Double Clutch

A double clutch (also called a double declutch) is a method of shifting gears primarily used for vehicles with an unsynchronized manual transmission, such as commercial trucks and specialty vehicles.

With this method, instead of pushing the clutch in once and shifting directly to another gear, the driver first shifts the transmission into neutral before shifting to the next gear. The clutch is pressed with each change.

Read more about Double ClutchTechnique, Manual Transmission Shifting, History and Theory, Heel-and-toe Shifting

Other articles related to "double clutch, clutch, double":

Glossary Of Baseball - D - Double Clutch
... an infielder or a catcher – draws his arm back twice before throwing he's said to "double clutch." This hesitation often leads to a delayed or late throw ...
Basketball Moves - Shots - Layups - Double Clutch
... A double clutch is a move associate with a layup or a dunk, it is a change of ball position in mid-air (similar to the "up and under" move, but performed while the player is ...
shifting" class="article_title_2">Double Clutch - Heel-and-toe Shifting
... the accelerator pedal is controlled by the right heel, while the clutch pedal is pressed by the left foot ... The purpose of the heel-toe-double-clutch is to downshift into the correct gear, and thus optimal engine RPM, for exiting the corner while placing the least wear and tear on ... With double-clutching there is no need to shift through every gear when significant velocity has been lost ...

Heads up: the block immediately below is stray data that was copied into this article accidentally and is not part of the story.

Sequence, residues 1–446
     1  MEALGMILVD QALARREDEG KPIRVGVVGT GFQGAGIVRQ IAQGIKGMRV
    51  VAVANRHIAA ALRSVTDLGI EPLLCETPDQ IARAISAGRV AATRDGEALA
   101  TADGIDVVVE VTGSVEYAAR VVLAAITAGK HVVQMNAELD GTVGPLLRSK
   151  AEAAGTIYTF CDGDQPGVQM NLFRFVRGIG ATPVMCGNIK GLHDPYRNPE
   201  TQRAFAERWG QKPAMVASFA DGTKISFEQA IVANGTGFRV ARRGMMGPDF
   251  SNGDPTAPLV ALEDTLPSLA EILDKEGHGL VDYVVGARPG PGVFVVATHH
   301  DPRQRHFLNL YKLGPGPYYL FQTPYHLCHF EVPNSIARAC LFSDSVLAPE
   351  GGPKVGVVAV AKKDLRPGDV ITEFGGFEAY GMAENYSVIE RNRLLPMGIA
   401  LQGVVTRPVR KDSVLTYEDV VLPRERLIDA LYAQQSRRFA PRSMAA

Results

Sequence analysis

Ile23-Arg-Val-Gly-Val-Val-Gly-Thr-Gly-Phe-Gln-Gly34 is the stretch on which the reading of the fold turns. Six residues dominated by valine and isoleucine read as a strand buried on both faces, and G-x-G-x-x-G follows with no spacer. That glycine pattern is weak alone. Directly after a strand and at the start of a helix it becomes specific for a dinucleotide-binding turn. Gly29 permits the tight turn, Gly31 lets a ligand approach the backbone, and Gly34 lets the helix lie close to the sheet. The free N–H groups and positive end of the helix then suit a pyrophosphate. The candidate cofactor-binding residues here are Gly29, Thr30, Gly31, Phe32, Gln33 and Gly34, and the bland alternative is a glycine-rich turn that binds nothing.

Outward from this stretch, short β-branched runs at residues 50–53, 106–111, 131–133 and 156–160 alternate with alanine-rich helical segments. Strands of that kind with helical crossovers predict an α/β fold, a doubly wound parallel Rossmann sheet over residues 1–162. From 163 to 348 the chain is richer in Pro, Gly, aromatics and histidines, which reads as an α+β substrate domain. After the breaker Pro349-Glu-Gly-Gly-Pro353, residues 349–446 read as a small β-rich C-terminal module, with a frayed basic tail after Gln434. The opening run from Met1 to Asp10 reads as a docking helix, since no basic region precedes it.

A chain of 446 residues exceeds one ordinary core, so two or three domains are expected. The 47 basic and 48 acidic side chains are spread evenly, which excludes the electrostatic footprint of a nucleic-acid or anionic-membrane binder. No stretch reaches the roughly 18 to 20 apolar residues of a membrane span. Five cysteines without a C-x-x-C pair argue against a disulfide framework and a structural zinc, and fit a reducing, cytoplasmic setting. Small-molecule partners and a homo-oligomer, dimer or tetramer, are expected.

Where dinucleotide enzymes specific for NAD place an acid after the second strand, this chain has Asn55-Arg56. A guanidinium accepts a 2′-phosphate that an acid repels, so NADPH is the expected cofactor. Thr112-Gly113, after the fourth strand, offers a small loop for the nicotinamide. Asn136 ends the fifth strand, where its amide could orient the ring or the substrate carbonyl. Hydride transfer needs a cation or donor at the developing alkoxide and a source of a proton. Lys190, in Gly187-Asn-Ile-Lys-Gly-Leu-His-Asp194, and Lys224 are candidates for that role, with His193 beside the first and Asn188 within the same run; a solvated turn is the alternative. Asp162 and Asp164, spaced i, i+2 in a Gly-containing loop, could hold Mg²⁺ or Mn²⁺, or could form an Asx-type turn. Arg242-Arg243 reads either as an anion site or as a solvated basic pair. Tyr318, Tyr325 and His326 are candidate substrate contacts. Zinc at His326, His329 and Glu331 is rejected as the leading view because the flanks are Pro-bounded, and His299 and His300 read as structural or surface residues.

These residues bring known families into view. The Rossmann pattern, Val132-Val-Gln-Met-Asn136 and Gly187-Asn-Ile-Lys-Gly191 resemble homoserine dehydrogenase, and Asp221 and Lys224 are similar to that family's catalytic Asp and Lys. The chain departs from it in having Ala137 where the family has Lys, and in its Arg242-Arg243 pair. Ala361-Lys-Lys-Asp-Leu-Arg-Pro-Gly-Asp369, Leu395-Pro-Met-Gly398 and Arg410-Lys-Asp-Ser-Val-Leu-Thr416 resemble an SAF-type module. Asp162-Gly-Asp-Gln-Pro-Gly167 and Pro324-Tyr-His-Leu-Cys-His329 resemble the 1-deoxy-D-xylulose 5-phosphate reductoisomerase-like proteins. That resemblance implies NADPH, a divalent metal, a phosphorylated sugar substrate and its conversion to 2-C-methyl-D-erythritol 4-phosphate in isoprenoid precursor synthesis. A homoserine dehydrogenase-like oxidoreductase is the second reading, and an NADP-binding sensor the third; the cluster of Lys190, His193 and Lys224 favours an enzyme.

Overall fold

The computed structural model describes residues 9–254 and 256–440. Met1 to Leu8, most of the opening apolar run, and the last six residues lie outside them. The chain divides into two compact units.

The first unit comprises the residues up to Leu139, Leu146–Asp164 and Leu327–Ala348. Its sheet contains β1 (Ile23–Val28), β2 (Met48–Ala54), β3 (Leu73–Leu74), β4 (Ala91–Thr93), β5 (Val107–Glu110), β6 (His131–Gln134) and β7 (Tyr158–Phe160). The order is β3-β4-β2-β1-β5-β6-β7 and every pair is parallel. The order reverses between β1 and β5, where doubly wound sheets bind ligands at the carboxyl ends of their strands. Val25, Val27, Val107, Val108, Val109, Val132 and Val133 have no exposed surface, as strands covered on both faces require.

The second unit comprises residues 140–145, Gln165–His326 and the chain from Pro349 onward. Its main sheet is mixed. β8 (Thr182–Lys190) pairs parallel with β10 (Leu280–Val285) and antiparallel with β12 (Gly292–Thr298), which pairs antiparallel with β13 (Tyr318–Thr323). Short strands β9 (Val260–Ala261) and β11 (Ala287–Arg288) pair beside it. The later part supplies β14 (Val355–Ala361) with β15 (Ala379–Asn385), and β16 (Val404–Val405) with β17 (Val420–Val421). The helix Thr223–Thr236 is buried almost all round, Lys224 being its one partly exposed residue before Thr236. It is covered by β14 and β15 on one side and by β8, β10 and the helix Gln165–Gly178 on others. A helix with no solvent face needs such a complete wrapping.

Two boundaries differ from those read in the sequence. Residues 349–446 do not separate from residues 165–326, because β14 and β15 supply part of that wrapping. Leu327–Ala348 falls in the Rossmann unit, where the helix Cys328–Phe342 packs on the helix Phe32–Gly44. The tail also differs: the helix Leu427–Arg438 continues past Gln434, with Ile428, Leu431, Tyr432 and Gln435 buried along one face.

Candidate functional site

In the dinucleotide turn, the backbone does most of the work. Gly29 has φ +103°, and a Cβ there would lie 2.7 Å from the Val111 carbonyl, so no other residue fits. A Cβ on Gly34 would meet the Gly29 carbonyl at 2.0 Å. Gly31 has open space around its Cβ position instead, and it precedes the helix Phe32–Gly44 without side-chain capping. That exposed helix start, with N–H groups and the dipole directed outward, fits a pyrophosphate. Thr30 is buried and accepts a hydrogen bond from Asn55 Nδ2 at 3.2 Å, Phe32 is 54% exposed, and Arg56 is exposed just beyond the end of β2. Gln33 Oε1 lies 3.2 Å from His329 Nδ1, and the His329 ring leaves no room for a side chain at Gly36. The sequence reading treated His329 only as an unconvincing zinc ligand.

Famous quotes containing the words clutch and/or double:

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    Anne Sexton (1928–1974)

    In a symbol there is concealment and yet revelation: here therefore, by silence and by speech acting together, comes a double significance.... In the symbol proper, what we can call a symbol, there is ever, more or less distinctly and directly, some embodiment and revelation of the Infinite; the Infinite is made to blend itself with the Finite, to stand visible, and as it were, attainable there. By symbols, accordingly, is man guided and commanded, made happy, made wretched.
    Thomas Carlyle (1795–1881)